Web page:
Nonetheless, the organizations claim, the accommodation makes them complicit in contraceptive coverage, and RFRA allows them to refuse to comply if they believe that the accommodation poses a substantial burden on their beliefs. They argue that the government lacks a compelling interest for requiring compliance with the accommodation and, furthermore, that there are less restrictive alternatives, such as public funding for contraceptives (an option that seems unrealistic at best, given the current climate for public funding of contraception). Seven appellate courts rejected these arguments, in several cases unanimously. But in October of this year, an eighth court sided with the challengers, setting up the split in the circuits that typically triggers the Court’s intervention.
The Abortion Case
In Whole Woman’s Health v Cole (790 F.3d 563 [5th Cir 2015]), a 3-judge panel on the Fifth Circuit Court of Appeals permitted two Texas laws to go into effect across virtually the entire state, whose impact is expected to reduce the number of the state’s abortion providers from 42 to 10.4 (A separate 3-judge panel in the Fifth Circuit earlier struck down a similar Mississippi law that would have closed that state’s only remaining abortion provider.) The Texas laws require that abortion facilities meet ambulatory surgical center standards and that physicians performing abortions have admitting privileges at area hospitals. Texas lawmakers claim they have acted with women’s safety in mind. But the evidence shows that in combination, the two laws will so drain the state of safe abortion services that women living in El Paso would be forced to travel 500 miles to secure a legal abortion. The immediate question before the Court is whether Texas has crossed the line drawn by Casey. But the deeper question is whether the Court will once again redefine abortion rights.
Both abortion and contraception rest on a powerful evidence base. The Centers for Disease Control and Prevention concluded that by enabling planned pregnancies, contraception stands as one of the most important advances in public health science. In their brief supporting the petitioners’ appeal in Whole Woman, the nation’s leading medical organizations not only underscored the importance of safe abortions but also argued that Texas’s restrictions “do nothing to protect the health and safety of women and are incongruous with modern medical practice.”5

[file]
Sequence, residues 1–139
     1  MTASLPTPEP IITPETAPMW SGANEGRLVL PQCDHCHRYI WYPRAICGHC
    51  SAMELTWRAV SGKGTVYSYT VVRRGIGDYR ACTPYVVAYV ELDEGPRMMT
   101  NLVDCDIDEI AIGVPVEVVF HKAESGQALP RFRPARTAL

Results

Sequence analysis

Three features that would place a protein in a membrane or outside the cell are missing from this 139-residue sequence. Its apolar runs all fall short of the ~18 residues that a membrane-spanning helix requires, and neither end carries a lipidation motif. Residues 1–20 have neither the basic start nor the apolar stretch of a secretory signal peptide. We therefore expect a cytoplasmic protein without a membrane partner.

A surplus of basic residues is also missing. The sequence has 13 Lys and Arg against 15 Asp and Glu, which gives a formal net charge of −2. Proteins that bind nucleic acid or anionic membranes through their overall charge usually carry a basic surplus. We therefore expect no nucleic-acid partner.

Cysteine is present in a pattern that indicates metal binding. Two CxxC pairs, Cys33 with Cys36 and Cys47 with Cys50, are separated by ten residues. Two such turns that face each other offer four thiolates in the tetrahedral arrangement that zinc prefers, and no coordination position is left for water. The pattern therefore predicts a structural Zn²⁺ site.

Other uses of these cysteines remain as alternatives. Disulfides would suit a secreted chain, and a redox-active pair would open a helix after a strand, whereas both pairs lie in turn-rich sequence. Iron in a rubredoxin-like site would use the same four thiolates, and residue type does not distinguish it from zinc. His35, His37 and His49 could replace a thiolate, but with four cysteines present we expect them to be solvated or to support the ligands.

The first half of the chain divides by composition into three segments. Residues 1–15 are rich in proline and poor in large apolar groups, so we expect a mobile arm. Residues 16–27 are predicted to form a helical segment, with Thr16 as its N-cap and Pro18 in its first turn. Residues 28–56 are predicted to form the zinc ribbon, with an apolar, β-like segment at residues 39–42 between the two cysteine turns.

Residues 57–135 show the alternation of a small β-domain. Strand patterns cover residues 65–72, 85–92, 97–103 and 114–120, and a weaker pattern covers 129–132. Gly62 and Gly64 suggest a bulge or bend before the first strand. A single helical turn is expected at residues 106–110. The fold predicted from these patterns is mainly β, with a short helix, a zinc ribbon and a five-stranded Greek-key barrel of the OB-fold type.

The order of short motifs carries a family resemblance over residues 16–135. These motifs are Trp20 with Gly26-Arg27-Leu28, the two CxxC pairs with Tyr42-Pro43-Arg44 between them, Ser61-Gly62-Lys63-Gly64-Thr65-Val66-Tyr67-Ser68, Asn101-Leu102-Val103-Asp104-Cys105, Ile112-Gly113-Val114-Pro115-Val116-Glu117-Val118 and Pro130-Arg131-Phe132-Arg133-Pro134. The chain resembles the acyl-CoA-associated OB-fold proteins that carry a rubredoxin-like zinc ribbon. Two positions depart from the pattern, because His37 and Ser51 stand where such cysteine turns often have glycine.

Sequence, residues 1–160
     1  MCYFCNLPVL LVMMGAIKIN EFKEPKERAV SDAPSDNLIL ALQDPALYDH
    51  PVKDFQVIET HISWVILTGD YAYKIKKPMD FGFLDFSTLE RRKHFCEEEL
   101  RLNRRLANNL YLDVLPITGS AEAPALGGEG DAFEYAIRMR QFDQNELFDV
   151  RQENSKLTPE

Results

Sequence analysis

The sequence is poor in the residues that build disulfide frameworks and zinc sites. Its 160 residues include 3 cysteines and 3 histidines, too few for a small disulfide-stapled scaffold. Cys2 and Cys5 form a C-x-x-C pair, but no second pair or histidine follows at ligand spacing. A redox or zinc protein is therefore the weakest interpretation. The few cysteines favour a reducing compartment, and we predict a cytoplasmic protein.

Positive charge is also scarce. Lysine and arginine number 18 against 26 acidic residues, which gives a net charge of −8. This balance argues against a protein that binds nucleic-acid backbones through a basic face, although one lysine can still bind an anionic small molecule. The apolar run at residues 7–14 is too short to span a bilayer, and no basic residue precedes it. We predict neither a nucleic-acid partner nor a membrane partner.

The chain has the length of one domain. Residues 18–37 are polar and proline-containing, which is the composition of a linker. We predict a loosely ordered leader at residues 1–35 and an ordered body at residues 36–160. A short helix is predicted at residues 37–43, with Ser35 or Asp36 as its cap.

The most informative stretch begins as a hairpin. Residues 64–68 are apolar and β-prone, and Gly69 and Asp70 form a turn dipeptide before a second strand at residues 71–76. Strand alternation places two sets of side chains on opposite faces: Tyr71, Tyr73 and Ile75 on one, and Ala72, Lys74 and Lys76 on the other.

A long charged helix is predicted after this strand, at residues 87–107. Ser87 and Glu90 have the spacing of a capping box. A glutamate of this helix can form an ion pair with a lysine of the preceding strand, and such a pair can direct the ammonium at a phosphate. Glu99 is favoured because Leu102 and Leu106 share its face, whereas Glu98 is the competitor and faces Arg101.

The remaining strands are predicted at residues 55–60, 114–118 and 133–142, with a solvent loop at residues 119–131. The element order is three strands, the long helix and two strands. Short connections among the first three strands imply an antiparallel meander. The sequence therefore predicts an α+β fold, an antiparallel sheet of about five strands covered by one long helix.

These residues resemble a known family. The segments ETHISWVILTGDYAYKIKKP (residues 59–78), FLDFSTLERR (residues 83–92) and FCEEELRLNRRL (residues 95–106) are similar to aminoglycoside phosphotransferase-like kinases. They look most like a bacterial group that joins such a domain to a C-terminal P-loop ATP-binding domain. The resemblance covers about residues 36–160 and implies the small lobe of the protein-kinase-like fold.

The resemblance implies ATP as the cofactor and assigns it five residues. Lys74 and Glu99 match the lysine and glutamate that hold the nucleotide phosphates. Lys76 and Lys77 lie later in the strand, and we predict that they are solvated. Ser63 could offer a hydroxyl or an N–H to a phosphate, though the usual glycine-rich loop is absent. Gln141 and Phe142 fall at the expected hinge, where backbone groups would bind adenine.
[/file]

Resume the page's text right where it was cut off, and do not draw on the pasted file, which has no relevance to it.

The ultimate question is whether public health will triumph in the Court.
Author(s): Sara Rosenbaum
Read on Wiley Online Library
Volume 94, Issue 1 (pages 23–26) DOI: 10.1111/1468-0009.12170 Published in 2016
Sara Rosenbaum is the Harold and Jane Hirsh Professor of Health Law and Policy and founding chair of the Department of Health Policy at the George Washington University School of Public Health and Health Services. She also holds professorships in the Schools of Law and Medicine and Health Sciences. A graduate of Wesleyan University and Boston University Law School, Rosenbaum has devoted her career to issues of health justice for populations who are medically underserved as a result of race, poverty, disability, or cultural exclusion. Between 1993 and 1994, Rosenbaum worked for President Clinton, where she directed the drafting of the Health Security Act and designed the Vaccines for Children program, which today provides near-universal immunization coverage to low-income and medically underserved children. Rosenbaum is the leading author of Law and the American Health Care System (Foundation Press, 2012) and has received many national awards for her work in public health policy. She is past chair of AcademyHealth and a member of the Institute of Medicine. Rosenbaum also has served on the CDC Director’s Advisory Committee and as a Commissioner on the Congressional Medicaid and CHIP Payment and Access Commission (MACPAC), which she chaired from January 2016 through the expiration of her term in April, 2017.